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Orchestra Client

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This document describes the I/O interface “OrchestraClient”.

The Orchestra client represents the part of the Orchestra communication directly connected to the internal / external model.

As a consequence, an “OrchestraClient” I/O interface should be created only when an RT-LAB model is expected to be directly associated with it in a given Orchestra system.


This is the main page where it is possible to customize the “OrchestraClient” I/O Interface.

It can be accessed from the target I/O interface in two ways:

  • Double-clicking on it

  • Right-clicking on it and selecting the “open” option

Then, the following setting panel will open:

FIG 1: OrchestraClient configuration panel









Configuration validator

Checks the validity of the general configuration of the selected I/O Interface.



Opens this document page from the UI.


DDF Importer

Opens the file explorer and allows to import the target DDF.



DDF file path

The path to the DDF file. Can be set up manually by modifying the field directly, or by using the DDF Importer.



Domain name

The name of the domain, defined in the DDF file, which will be used by the “OrchestraFramework” I/O interface and the “OrchestraClient” I/O interface to exchange data (Shared memory).



Client performs wait to go during start()

Defines if the wait-to-go feature is loaded during the load of the model, or during the start.

For RT-LAB, it must ALWAYS be checked if the wait to go function is used.

Checked or Unchecked


Flag polling delays (us)

Internal delay in microseconds between two consecutive attempts to lock the publish or subscribe memory space in each Orchestra data exchange.

This is only used if the field 'Force domain synchronization in polling mode' is checked in the corresponding


RT-LAB model


I/O interfaces allow defining datapoints that are handled outside the models themselves. In order to bring the data going through those datapoints inside the models, we need to use two specific blocs called and .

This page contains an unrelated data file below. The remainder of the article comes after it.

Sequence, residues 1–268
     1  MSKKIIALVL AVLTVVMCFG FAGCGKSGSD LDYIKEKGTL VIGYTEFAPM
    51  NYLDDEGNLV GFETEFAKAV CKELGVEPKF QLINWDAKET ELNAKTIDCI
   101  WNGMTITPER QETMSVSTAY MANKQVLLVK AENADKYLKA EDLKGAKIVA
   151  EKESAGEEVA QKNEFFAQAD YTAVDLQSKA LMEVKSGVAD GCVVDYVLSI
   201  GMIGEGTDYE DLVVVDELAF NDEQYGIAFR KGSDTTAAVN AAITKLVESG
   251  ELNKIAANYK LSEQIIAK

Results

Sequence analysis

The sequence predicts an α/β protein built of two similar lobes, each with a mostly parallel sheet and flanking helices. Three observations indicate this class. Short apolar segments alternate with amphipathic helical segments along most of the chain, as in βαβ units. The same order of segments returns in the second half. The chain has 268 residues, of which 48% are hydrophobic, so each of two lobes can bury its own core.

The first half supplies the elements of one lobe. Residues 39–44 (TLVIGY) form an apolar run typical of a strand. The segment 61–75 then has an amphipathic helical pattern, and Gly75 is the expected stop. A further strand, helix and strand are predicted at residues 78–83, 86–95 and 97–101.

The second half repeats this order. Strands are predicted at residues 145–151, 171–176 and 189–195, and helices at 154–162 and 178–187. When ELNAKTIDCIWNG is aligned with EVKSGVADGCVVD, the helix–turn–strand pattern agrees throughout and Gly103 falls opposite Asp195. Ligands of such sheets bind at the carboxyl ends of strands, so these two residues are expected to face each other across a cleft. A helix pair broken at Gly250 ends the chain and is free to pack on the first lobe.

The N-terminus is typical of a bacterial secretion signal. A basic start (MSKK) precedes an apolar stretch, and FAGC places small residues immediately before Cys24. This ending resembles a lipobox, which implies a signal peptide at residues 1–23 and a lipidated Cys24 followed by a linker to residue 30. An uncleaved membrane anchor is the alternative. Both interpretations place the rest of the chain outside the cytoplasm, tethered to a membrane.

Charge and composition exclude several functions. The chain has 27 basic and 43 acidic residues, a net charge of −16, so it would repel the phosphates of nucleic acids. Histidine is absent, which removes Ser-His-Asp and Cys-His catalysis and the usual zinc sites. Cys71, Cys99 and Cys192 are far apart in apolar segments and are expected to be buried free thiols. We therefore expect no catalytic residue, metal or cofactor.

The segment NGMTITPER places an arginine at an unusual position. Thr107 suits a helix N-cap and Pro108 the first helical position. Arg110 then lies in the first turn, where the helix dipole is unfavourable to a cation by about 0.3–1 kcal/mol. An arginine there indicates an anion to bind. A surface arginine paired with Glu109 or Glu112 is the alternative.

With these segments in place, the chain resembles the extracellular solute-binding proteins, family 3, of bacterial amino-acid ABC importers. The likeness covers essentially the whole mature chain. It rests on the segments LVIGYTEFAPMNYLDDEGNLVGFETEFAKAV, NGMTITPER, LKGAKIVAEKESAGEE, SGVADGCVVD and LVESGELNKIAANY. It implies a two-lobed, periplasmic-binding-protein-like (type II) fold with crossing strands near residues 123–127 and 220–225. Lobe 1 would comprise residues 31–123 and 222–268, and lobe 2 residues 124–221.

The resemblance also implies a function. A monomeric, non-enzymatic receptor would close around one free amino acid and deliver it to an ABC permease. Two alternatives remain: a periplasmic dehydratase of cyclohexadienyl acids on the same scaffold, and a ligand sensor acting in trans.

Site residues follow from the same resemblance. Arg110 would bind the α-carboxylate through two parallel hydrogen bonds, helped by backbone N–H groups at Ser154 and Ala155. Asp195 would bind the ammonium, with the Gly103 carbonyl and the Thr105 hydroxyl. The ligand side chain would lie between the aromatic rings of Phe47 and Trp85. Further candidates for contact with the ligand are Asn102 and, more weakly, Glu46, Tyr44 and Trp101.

The block gives the ability to create an input connection within the model. Thus, it may be connected to any output signal coming from any associated I/O interface.

In the case of the OrchestraClient I/O interface, output signals correspond to any item of the publish part of the DDF or the 'status' signal.


The block gives the ability to create an output connection within the model. Thus, it may be connected to any input signal coming out of any associated I/O interface.

In the case of the OrchestraClient I/O interface, input signals correspond to any item of the subscribe part of the DDF.


To illustrate a bit more what a typical client model would look like, here is a simple example.

Let’s consider two models running separately and exchanging exactly one signal in both directions.

  • The first model is the framework model: it will simply send back the exact same data it received

  • The second model is the client model: it will send an incremented version of the received data

In such system, the client subscribes one signal and publishes one signal. The corresponding RT-LAB model would then simply look like what can be seen in figure FIG 4.

Remember that the DDF describes the Orchestra items in the point of view of the framework. So, the item called 'publish_item' in FIG 3 is actually subscribed by the corresponding client.

Performing the connections between the model datapoints delivered by the OpInputs/OpOutputs and the datapoints from the I/O interfaces is explained in the following page .


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